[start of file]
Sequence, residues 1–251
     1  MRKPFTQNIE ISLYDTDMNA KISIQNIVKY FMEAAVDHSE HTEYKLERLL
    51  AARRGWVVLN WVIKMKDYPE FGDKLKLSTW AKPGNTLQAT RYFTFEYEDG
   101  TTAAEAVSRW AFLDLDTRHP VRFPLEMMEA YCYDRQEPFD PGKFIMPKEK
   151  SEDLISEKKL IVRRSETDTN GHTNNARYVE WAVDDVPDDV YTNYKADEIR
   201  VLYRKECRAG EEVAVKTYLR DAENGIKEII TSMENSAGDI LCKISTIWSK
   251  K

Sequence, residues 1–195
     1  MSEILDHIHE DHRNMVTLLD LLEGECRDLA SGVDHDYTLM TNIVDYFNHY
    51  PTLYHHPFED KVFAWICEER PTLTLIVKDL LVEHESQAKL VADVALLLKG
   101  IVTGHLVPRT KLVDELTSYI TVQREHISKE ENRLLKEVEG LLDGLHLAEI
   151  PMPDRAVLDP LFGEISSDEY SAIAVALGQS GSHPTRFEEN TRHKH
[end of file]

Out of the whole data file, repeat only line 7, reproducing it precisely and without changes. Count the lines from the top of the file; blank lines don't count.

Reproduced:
   251  K